“One for me, please,” he said, brushing mud off his walking boots. Dova maintained eye contact as he poured his own and then sent the remaining water steaming down the drain. Quinn cocked his head in warning, eyes glinting dangerously.
“Don’t be so immature.”
“Learnt from the best.”
“This is exactly why you can’t go. You’re too young: you can’t see this for what it really is.”
“And yet I see this-” Dova gestured between the two of them, “-Perfectly well.”
“Fine, I’ll bite.” He folded his arms and leaned his hip against the wall, a smudge of dirt transferring to the tiles. “What is this?”
“Your insecurities and anxieties controlling our relationship, encouraging you to act as if I am but an extension of your person and not my own independent being, and what you fail to see is that the only thing this results in is my disgust, disrespect, and eventual rebellion.”
“Eventual rebellion,” Quinn repeated with a snort.
“What do you think is going to happen?” Dova exploded, the temper he usually fought to control delighting in answering his plea. “Do you think I will one day thank and admire you for curbing my life so much? Because I hate to burst your bubble, but our relationship is very different from what you perceive, and when I do move out of here – which I fucking will! – then I will delight in not having to see or speak to you for very, very long periods of time.”
“We’re trying to get you to understand-”
“Understand what? That you’re bad parents and shouldn’t have had a kid until you were capable of separating your fears from reality?”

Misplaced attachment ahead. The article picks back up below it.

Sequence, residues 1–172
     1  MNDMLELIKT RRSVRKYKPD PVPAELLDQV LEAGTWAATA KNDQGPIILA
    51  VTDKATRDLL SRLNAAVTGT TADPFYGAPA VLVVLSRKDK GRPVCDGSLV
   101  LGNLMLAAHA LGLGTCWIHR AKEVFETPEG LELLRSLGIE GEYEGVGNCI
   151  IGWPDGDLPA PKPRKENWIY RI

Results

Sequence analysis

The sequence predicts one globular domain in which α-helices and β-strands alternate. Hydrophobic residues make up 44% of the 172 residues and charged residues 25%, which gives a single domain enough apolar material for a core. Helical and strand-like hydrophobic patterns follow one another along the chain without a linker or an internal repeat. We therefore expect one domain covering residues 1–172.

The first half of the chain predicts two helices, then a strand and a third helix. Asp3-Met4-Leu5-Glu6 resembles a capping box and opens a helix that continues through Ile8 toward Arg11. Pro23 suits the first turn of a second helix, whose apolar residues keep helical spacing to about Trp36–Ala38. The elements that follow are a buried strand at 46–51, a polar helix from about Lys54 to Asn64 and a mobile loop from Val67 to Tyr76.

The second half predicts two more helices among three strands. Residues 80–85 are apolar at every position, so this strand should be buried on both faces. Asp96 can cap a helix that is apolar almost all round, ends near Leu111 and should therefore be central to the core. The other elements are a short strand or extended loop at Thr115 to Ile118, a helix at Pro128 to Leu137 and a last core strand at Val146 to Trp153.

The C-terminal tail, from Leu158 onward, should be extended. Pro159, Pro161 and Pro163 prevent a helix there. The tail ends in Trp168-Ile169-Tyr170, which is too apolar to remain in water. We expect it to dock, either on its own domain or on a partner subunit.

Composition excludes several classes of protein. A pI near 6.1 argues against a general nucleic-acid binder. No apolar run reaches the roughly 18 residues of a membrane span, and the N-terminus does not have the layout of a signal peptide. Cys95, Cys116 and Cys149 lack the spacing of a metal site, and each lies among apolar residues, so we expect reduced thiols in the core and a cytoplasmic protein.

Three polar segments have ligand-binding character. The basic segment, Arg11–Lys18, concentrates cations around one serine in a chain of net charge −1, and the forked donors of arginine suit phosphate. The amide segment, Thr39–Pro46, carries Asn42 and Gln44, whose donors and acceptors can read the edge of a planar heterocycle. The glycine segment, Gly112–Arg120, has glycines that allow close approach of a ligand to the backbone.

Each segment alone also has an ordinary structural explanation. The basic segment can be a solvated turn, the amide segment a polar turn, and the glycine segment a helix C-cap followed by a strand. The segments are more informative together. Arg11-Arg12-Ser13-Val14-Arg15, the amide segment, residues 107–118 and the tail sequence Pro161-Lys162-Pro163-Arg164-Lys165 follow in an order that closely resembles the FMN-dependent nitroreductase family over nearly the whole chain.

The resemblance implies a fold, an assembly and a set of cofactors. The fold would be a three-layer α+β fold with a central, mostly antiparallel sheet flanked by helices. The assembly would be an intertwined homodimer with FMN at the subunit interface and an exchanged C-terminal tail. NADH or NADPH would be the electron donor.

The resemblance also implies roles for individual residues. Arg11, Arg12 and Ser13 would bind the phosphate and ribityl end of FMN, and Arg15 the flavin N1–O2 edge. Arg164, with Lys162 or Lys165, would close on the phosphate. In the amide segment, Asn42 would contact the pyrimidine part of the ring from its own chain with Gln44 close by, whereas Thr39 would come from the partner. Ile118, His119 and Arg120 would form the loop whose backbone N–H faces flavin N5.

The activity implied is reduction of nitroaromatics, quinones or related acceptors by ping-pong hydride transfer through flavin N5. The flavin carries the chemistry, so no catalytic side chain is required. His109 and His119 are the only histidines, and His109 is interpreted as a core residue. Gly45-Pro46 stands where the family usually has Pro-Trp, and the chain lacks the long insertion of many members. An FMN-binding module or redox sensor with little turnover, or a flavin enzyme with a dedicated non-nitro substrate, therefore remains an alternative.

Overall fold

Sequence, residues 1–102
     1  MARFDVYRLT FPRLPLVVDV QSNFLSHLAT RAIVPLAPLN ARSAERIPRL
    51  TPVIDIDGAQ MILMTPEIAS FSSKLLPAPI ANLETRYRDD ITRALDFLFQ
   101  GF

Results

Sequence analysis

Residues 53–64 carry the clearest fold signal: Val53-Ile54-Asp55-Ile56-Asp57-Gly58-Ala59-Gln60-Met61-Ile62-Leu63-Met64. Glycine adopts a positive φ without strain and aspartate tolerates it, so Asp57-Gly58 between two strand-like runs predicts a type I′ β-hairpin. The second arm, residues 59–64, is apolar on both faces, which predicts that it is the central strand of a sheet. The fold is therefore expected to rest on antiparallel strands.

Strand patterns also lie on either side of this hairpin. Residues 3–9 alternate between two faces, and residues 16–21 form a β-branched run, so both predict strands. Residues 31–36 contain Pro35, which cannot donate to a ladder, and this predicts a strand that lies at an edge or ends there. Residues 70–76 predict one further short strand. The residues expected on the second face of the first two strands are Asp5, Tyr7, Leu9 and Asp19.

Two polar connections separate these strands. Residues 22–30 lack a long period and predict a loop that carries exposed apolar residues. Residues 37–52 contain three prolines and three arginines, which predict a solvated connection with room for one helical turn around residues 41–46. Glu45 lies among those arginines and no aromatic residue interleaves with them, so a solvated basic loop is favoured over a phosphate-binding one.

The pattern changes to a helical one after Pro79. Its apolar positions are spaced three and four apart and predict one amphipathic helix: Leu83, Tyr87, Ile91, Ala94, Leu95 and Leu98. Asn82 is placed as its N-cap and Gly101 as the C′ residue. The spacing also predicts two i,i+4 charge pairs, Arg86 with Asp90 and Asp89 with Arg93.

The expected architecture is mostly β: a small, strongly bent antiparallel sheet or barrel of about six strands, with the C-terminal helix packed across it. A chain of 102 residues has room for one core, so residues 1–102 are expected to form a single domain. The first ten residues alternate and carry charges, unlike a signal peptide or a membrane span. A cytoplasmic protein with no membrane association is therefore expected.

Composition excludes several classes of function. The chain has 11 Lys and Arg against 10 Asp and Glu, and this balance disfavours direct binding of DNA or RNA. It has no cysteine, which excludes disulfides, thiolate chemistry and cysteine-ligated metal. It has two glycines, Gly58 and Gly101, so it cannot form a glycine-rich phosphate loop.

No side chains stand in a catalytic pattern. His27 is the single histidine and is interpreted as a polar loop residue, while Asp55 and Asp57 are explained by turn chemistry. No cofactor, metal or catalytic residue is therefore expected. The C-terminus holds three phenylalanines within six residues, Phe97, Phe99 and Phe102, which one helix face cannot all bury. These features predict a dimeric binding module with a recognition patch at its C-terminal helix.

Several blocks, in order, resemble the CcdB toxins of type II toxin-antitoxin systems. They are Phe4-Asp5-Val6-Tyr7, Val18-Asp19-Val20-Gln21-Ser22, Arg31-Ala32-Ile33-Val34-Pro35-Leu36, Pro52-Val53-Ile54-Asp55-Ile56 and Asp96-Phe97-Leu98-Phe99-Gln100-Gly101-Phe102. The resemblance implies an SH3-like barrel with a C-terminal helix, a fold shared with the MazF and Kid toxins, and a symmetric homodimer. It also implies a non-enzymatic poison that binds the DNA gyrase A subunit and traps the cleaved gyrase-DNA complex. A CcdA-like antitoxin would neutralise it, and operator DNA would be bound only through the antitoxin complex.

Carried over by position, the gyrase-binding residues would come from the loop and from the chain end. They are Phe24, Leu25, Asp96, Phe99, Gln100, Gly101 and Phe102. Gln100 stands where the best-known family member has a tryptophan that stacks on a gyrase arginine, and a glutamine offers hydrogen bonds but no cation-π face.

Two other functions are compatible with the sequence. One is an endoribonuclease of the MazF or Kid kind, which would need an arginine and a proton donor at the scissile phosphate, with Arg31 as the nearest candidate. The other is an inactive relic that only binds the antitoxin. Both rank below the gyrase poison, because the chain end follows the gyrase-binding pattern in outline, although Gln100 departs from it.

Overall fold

Quinn twisted his lips into an angry rebuttal, but swallowed it back. He was always twisting in his anger, expressions completely on his sleeve and writhing with his lively frustration and righteousness.
“You are clearly too immature to have this conversation. I can only hope that when you are old enough to move out, you’ve bridged that gap.” After a pointed – and disappointed – look, Quinn trudged up the stairs and left his son fuming. If the kettle hadn’t already boiled, Dova felt like he could have done it himself, as angry as he was.
He left his tea steaming at the sink. He stormed into his room and grabbed his backpack, blindly stuffing in clothes upon clothes. Another housed his few electronics – all dreadfully old – and anything else within easy reaching distance.
“Fine, I’m immature,” he muttered to himself. “So let’s do something only an immature person would do.”
Dova slipped out of the back door without even leaving a note. The fury screaming inside him didn’t allow for rational thought or even the hint of hesitation.
He arrived at the park half an hour later, realised he hadn’t thought to text Korra to order the group to wait, and was about to phone when he saw Q leaning against the land rover.
Korra leaned out of the window when she saw him, teeth white and revealed in a shit eating grin. “Get in, loser, we’re going on a road trip.”
Q ignored her and took one of the bags from Dova. “You alright?”
“You knew I was coming?”
“Don’t bet against a Seer,” he said, grunting as he hefted the pack into the boot. When it closed Q took advantage of the illusion of privacy. “I’m sorry, regardless.”
“Won’t they, like, try to find me?”
Q shrugged. “They can try. They won’t be happy with their siblings. Or Law. But in the end, the people who know where you are know how important it is for you to be here.” He hesitated, and then clapped a hand to his shoulder. “You especially. You made the right choice.”
“Yeah.” Dova shoved Fury into the middle and climbed into the back, receiving a warm smile from his cousins. He watched his world disappear through the tinted windows and as the distance grew, so did his guilt.
One of my new methods of characterisation is to use their passions for comparisons. So with Dova it’s games (early-rush, his mother’s pictionary skills), Risa it’s music (postlude, rising, flats, etc), and Korra it’s her athletic endeavours or nature, particularly evolutionary mechanisms (like the caterpillar in chapter 1). Fury still somewhat eludes me, but I’ve used his love of fast things in the past, like the Bluebird. It’s super fun but since I know nothing about music and, like, boxing etc, it’s involving some research and I hope they don’t miss the mark entirely!